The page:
In fact, the Berda-Troyany railway line that the boys allegedly damaged had not been operating since the capture of Berdiansk, and no passenger trains were running there.

"I am 100% convinced that the case against them was trumped up, because no trains were passing through there," says Tigran's uncle, Yurii Petrenko, who has been fighting with the Armed Forces of Ukraine since 2015. "It was all blocked up there and nothing would ever be able to pass through."

The Russian occupiers noted in the case file that in the spring of 2023, investigators had searched the home of an Armed Forces of Ukraine soldier known as Petrenko, but found Tigran there instead, along with "items marked with the symbols of extremist organisations, records containing neo-Nazi propaganda, and military paraphernalia of the Armed Forces of Ukraine". The occupiers claim that Tigran supposedly went by the alias "Kot" and Mykyta was known as "Siebert". The file also indicates that the boys were reservists.


Tigran's mother Oksana is also convinced that the case was trumped up.

"It says that a train was coming, there was a driver... But everyone understands perfectly well that the city is occupied, and no trains have been running since 24 February 2022. The railway is rusted up," Oksana says.

"They made it all up, they found this invisible train, a driver, people on the train... It's nonsense. In December, the boys were told to confess on camera and then they would be released," Oksana recalls. "They did so, and we came [to collect Tigran] in January, but when we tried to take him away, they turned us away and said: ‘He’s not allowed to leave because he’s been charged with sabotage, and we have a video of him confessing.’"

Тигран Оганнісян (ліворуч) та Микита Ханганов (праворуч)

Tigran Ohannisian (left) and Mykyta Khanhanov (right)

In the case file, Mykyta did not admit his guilt, and he stated in his testimony that they had knocked down the pole to steal precious metal, as well as "to show off". According to locals, Mykyta was not held captive or tortured.

The greatest pressure was exerted on Tigran, who, according to the occupiers' indictment, "pleaded guilty on all counts".

Who fabricated the case?

The FSB led the case initially. They first took Tigran in for questioning as long ago as last September and looked around for "witnesses".

"About 40 people came forward: Kadyrovites, regular soldiers and plain-clothes FSB," Tigran's neighbour recalls. [Kadyrovites are Chechen forces led by Chechen leader Ramzan Kadyrov who fight alongside the Russian army - ed.]

"He wasn’t held for long that time - about five days - and then he was released," says Olha, a Berdiansk local who was in the city at the time. "He became very withdrawn after that, he didn't talk to anyone, didn't say anything. He had trouble sleeping. His grandmother became very anxious. It wasn’t until later that he revealed he’d been taken to an 'execution' with a bag over his head, beaten, and tortured by electrocution."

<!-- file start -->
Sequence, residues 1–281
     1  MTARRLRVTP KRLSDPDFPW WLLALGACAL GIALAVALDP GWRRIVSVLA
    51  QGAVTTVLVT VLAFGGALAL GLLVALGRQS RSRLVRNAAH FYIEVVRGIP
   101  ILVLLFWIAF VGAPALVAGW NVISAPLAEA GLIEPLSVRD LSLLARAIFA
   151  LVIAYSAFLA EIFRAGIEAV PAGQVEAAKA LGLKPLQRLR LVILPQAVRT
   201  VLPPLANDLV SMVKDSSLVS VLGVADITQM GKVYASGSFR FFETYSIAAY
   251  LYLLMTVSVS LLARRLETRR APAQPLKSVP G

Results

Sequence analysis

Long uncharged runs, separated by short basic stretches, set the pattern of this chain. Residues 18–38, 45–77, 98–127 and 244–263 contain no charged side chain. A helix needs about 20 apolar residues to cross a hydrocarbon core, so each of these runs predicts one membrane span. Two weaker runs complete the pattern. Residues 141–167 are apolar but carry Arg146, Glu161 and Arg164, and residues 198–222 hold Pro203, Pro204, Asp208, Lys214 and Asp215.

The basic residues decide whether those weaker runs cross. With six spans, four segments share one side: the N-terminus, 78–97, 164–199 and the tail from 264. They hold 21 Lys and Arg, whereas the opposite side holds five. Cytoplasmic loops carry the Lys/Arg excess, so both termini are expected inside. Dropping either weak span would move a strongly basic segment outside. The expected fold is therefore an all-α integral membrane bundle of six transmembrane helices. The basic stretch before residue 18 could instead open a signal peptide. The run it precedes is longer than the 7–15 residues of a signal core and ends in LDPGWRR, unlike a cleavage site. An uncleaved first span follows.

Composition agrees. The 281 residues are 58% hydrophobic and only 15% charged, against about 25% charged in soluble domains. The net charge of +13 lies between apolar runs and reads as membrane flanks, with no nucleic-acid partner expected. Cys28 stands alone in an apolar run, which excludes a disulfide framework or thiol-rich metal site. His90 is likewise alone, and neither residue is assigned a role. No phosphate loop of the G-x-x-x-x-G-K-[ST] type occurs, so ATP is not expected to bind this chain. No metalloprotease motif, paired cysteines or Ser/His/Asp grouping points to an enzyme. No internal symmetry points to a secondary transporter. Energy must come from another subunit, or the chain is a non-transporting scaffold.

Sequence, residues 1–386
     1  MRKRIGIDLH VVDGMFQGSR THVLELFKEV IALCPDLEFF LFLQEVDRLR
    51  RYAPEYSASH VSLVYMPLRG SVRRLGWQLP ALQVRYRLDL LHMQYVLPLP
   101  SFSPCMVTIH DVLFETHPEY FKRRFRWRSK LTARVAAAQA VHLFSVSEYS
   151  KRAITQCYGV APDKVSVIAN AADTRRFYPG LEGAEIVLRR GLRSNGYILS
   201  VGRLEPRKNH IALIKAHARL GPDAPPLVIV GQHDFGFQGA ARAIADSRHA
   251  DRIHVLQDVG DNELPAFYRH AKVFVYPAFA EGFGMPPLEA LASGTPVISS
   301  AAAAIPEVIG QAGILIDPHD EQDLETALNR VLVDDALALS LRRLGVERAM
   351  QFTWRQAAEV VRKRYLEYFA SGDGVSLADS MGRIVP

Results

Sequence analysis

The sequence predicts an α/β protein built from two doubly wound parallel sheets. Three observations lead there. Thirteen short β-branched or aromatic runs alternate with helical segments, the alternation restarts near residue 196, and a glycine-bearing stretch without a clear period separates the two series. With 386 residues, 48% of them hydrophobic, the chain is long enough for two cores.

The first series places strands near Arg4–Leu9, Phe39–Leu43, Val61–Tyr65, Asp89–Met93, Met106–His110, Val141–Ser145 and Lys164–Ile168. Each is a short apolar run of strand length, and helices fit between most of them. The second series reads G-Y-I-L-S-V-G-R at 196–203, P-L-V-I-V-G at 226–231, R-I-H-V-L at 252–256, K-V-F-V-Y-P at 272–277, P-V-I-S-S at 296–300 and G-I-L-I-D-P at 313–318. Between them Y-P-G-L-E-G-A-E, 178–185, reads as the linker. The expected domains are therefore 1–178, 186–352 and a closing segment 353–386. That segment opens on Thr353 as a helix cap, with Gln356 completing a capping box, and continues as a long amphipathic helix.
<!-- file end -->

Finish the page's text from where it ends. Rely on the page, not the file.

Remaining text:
The case was then transferred to the Investigative Committee of the Russian Federation.

Two Russian investigators, I. Khusainov and V. Govorukha, as well as Dmitry Zagoruiko, the Russian-installed so-called 'first deputy prosecutor' of Zaporizhzhia Oblast, signed off on this.

Так званий “перший заступник прокурора” Запорізької області Дмитро Загоруйко

Dmitry Zagoruiko, so-called 'first deputy prosecutor' of Zaporizhzhia Oblast. 


Dmitry Zagoruiko was appointed to his post by Russian Prosecutor General Igor Krasnov personally. Zagoruiko had previously worked at the Prosecutor's Office in Rostov-on-Don, Russia, and then served as Deputy Prosecutor of the Republic of North Ossetia (a constituent entity of the Russian Federation).

V.Govorukha is likely one of the Moscow investigators who dealt with juvenile cases. In 2017, he gave an interview about the specifics of handling criminal offences committed by adolescents.

Another investigator involved in the case, who specifically refused to give the victims’ families permission to bury the bodies, is known only by his last name, Kogun.

Mykyta Khanhanov's father was named as his legal representative in his documents. But Tigran Ohannisian’s legal representative was a "guardian" assigned to him by the occupiers themselves - Svitlana Peicheva, a local collaborator and former director of the Berdiansk District Centre for Social Services. The previous autumn, she had applied to a "Leaders of the Revival" recruitment drive organised by the occupying authorities of Zaporizhzhia Oblast to fill positions in the new "administration".

In an interview given to local propagandists, Peicheva said that she planned to use her 14 years of social services experience in the occupied city. "I understand that there is a need for social work to be carried out specifically by civil servants, because a new policy, including social policy, is being developed in our territory," the collaborator said.